50457Re: Floating point syntax
- Jun 4, 2008Bram Moolenaar wrote:
> [...]I've explained how I did the search in my email on that thread.
>> The second was a proposal to represent floats as numbers with decimal
>> points but no additional punctuation which was implicit in this report
>> from Ilya Bobir:
>> - I did a search for vim scripts that use concatenation operation
>> between two numbers without interleaving space. It appears that
>> Google Code Search was able to find only 39 matches and all were
>> false positives.
>> Nobody gave any reply to the message.
> I wonder how you do that search.
Probably you missed it, so I include this email here. Here it goes:
Ilya Bobir wrote:
> Bram Moolenaar wrote:If something is hard to understand, please ask, I'll try to explain
>> I would still like feedback on the format of floating point numbers:
> I did a search for vim scripts that use concatenation operation between two
> numbers without interleaving space. It appears that Google Code Search was
> able to find only 39 matches and all where false positives.
> Here is the query:
> And here is a regex I've used (along with explanations). Maybe someone will
> double check to make sure I did not mistake.
> lang:vim | Vim script language.
> ^\s*[^"\ ] | In order to exclude comments the line should
> | start with anything but ".
> ( | Catches different kind of strings.
> " ( \\. | [^"] )* " | Double quoted strings along with escapes
> | inside the string.
> | ' [^']* ' | Single quoted strings.
> | [^"] | All the rest is OK. And there maybe some
> | staff preceding the digits.
> )* |
> \s\d+\.\d+\s | A pattern that I was looking for - two numbers
> | concatenated without an interleaving space
> | that are not part of a longer sequence.
> -menu | menu command uses dot separated numbers to set
> | priority. There are plenty of them and all
> | are false positives, so remove all lines with
> | "menu" string in them.
another way. English is not my native language and sometimes I really
have no clue whether what I write is understandable at all =)
> And if you manage to come up with theThe number of matches is the number of lines that have two numbers
> right pattern, what the number of matches actually means.
concatenated without interleaving spaces. A real match would mean that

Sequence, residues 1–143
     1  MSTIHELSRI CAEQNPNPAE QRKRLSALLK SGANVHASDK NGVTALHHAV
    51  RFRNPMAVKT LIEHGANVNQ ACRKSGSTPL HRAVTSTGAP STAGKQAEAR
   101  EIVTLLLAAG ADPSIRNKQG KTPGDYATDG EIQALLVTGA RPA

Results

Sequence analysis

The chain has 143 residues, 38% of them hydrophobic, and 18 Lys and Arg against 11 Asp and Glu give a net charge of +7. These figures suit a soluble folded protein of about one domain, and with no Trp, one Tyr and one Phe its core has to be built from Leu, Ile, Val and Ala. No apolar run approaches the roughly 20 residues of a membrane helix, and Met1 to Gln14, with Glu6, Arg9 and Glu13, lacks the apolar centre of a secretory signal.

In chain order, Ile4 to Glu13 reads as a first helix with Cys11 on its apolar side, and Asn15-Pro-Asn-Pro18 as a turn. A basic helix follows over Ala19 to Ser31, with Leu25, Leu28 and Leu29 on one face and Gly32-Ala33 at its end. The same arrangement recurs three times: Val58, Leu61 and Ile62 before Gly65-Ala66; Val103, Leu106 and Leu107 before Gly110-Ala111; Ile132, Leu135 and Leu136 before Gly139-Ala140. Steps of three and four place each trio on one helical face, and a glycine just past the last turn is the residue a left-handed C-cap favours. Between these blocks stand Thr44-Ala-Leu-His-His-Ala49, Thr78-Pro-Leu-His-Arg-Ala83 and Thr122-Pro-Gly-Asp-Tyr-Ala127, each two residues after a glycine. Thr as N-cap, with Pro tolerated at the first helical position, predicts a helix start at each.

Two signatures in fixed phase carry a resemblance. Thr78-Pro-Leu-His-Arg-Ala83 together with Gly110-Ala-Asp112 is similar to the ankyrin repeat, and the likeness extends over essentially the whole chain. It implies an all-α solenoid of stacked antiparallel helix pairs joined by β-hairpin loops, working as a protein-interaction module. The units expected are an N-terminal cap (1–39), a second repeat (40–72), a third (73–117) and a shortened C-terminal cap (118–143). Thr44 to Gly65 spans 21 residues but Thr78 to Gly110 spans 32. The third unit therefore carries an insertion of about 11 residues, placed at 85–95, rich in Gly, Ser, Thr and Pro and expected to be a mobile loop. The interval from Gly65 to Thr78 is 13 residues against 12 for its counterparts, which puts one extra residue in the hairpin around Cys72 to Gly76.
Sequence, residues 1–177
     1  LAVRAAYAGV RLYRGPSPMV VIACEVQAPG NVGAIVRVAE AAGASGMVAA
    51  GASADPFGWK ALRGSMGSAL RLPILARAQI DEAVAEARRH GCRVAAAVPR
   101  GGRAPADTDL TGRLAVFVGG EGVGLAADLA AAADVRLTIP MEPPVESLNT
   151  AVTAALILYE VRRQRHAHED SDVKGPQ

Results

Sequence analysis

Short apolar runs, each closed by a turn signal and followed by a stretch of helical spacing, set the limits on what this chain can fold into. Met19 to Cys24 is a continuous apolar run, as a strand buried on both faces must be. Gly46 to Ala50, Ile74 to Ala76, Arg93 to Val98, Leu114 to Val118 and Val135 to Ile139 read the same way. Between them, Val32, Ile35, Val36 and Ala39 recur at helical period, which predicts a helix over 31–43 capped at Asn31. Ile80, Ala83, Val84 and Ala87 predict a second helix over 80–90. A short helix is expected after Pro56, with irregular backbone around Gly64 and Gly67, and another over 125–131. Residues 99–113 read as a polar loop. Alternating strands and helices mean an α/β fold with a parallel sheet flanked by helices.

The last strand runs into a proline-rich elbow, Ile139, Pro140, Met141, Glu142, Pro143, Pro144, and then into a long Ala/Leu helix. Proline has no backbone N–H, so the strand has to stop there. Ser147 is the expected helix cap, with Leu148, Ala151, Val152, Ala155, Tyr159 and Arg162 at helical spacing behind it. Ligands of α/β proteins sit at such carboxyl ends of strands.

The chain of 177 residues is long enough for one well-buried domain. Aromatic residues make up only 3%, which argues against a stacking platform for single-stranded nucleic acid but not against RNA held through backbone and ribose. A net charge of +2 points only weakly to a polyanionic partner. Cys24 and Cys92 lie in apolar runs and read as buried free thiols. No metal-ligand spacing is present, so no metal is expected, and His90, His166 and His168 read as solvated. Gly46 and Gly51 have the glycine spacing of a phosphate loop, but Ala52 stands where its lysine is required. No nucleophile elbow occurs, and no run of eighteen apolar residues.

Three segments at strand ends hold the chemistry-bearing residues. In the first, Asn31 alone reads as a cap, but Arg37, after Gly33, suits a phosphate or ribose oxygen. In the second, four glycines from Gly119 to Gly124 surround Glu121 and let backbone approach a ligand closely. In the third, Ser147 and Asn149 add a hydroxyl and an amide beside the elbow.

adding a "common" syntax for floats into Vim script would break a script
with the match.
It appeared that all 39 matches was false positives meaning that all of
them was really something else and was matched only because the pattern
I've used it not perfect. I checked all 39 matches by hand. You can
easily see them by following a link in my original e-mail that I've
To sum it up, it appears that among all the vim scripts that are indexed
by Google there are none that use the "common" float syntax to
concatenate two numbers. This means using the "common" syntax for
floats will not break any of these scripts.
There still is a chance that some scripts use dynamically generated
expressions that have two numbers concatenated without interleaving
spaces but it is unlikely as one does not need a concatenation operation
to concatenate numbers when building a dynamic expression - you can just
put them in the result side by side.
> Ben Schmidt wrote:If there are no scripts that use two numbers with a dot in between
>> I would like to note, though, that this doesn't solve the problem for
>> exponent notation. However, I suspect a search of vim scripts containing
>> numbers of that form would yield even less results, though I have not
>> tried it. The search also doesn't take into account expressions that may
>> be built dynamically in vim scripts rather than being hard coded, but
>> again, I doubt many if any of these exist.
without interleaving spaces then it follows that there are none that
have these kind of numbers with an exponent appended. And it means that
if the float syntax will be smart enough to tell a float without an
exponent from a concatenation then adding an exponent as a suffix will
not introduce any ambiguity. Am I missing something?
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